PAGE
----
By Bill Wine
KYW Newsradio 1060
PHILADELPHIA (CBS) — Anything but predictable, Side Effects is a psychological suspense thriller set in the world of pharmacology that radically defies generic expectations.
End result: it outsmarts itself.
Rooney Mara plays Emily Taylor, a twentysomething New York City wife awaiting the release from prison of her financier husband, played by Channing Tatum, currently serving a four-year sentence for insider trading.
As a way of handling her severe anxiety and depression following a suicide attempt, she agrees to take an experimental drug, an anti-depressant prescribed by her psychiatrist, Dr. Jonathan Banks, played by Jude Law.
Her husband does indeed return home, but she begins exhibiting dangerous behavior, including sleepwalking, one of the side effects of the drug she is now taking.
And when the side effects of the drug leads to a tragic crime on her part, Banks, feeling responsible and accused and worried about his reputation, his life about to fall apart, pursues his patient’s previous therapist, played by Catherine Zeta-Jones, to find out what other indicators there might have been in Emily’s background that would explain what has occurred.
Director Steven Soderbergh (Erin Brockovich, Traffic, Contagion, Magic Mike, The Informant, Ocean’s Eleven through Thirteen) chooses once again to serve as his own cinematographer, working under the pseudonym of Peter Andrews, and his film is strikingly handsome, which helps it to be so compelling in the early going.
This will be, the prolific Mr. Soderbergh maintains, his last theatrical film as a director, but we’ll see.
Scott Z. Burns’ screenplay (originally titled The Bitter Pill) ends up being a little too tricky for its own good. It starts off as if it will be a cautionary tale, an examination of the pharmaceutical industry’s questionable connection to the medical establishment, our current pill-popping proclivities, and what amounts to psychiatric malpractice.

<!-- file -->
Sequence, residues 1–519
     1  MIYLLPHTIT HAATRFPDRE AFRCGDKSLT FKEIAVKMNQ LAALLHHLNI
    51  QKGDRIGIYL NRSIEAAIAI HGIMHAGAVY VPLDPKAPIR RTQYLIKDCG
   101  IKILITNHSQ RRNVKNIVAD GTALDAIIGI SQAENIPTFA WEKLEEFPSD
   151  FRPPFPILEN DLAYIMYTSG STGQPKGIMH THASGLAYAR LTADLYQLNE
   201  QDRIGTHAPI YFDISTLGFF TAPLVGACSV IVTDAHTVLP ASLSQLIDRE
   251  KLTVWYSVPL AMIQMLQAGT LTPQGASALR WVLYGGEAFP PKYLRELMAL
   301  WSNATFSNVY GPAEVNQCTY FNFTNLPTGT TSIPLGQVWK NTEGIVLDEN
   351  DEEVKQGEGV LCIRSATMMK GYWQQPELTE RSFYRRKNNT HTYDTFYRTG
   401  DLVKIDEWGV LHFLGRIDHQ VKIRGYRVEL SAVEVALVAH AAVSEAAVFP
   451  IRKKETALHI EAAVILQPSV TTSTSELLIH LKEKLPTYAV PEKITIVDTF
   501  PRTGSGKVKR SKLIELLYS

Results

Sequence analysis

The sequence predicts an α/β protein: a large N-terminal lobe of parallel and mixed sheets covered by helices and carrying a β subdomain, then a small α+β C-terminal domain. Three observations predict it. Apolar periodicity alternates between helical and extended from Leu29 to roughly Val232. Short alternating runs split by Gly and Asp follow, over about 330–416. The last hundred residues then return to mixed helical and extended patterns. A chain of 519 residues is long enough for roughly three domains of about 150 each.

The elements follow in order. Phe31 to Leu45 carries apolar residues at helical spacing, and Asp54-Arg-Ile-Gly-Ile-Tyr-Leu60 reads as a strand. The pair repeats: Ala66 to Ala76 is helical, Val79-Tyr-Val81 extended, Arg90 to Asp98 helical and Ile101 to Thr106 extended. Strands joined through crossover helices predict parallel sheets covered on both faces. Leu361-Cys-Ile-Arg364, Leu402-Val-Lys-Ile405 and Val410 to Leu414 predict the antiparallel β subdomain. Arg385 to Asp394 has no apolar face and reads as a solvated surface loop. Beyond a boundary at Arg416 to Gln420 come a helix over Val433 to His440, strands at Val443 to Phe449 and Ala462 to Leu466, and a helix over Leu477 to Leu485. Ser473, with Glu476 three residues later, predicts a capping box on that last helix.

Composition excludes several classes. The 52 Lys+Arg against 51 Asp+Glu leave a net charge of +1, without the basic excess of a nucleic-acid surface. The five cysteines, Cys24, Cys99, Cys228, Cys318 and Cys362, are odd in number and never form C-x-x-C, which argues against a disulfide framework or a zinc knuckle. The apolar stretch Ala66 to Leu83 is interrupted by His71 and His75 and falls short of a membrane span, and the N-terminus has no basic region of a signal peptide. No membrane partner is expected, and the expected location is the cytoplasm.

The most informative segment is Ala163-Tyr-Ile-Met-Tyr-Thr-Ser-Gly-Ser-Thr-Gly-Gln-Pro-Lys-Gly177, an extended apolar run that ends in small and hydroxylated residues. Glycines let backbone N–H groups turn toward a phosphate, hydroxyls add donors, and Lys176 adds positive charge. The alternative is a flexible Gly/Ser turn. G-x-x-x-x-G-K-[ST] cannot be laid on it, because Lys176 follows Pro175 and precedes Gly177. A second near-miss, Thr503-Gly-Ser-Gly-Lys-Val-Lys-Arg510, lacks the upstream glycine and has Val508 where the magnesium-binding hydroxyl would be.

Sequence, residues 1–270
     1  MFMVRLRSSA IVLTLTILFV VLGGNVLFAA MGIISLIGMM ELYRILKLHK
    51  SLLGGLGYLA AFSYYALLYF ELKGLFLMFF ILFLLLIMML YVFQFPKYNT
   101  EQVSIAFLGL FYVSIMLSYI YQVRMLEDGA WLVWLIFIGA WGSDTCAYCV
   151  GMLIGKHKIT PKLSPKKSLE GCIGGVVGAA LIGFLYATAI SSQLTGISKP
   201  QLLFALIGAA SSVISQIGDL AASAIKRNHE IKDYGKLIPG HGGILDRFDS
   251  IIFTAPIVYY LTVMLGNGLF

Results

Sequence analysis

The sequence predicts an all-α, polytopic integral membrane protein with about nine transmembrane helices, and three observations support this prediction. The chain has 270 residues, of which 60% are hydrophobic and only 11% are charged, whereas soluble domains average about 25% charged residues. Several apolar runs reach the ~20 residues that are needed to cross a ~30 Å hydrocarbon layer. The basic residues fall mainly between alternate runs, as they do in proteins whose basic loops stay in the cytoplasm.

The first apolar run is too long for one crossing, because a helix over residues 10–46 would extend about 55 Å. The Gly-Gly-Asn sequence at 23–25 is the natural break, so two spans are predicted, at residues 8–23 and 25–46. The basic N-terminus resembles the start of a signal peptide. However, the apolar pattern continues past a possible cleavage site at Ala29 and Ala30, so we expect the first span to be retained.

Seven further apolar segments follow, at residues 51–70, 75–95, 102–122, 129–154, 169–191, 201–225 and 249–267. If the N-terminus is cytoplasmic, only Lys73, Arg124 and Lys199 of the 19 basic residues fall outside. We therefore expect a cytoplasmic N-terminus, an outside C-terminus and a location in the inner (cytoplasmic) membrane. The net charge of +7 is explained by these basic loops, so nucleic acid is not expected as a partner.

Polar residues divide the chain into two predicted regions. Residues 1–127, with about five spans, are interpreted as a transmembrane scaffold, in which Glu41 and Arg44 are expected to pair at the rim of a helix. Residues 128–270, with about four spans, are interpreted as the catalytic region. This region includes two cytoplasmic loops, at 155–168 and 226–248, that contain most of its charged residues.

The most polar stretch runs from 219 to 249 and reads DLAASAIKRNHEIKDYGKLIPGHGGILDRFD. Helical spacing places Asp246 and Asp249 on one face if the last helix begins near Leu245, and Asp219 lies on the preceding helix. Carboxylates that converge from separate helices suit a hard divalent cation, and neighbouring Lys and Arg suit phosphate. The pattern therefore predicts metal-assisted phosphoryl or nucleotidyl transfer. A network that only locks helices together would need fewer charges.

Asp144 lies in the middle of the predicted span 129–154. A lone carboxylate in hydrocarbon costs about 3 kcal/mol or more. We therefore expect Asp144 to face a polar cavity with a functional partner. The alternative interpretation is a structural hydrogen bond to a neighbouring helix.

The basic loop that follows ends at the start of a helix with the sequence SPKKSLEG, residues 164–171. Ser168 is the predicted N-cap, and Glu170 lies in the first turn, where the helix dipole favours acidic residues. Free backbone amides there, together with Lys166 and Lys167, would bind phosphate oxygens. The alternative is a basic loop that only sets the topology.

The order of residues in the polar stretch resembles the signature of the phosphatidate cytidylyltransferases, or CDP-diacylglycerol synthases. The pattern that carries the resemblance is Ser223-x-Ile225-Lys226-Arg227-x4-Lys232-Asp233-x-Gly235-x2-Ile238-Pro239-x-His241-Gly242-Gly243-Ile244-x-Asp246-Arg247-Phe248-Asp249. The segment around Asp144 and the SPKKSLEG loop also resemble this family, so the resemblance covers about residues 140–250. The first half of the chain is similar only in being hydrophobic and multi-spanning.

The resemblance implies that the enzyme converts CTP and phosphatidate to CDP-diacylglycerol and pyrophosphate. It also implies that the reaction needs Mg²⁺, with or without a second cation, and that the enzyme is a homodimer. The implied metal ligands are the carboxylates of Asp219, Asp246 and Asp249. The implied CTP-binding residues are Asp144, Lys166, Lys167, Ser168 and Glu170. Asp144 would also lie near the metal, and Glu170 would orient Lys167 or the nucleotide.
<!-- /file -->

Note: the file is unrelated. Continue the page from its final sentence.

But after the film’s focus has shifted from Emily to Dr. Banks, a whopper of a third-act switcheroo (not so much a twist as a chasmic yank) turns the film into something very different indeed.
You’ll know as soon as this reveal occurs and the rug gets pulled right out from under you whether you appreciate it as clever narrative misdirection or whether the extreme implausibility makes you feel cheated.
That’s because, even if we concede that we’re in nothing-is-what-it-seems territory, even if we acknowledge just how absorbing the early reels are, there’s no denying that, as Side Effects proceeds, it gets foggier rather than clearer.
And the ultimate revelation is so outlandish that it verges on the ludicrous.
So we’ll prescribe 2 stars out of 4 for this convoluted bait-and-switch thriller that’s an intriguing option but has cinematic side effects.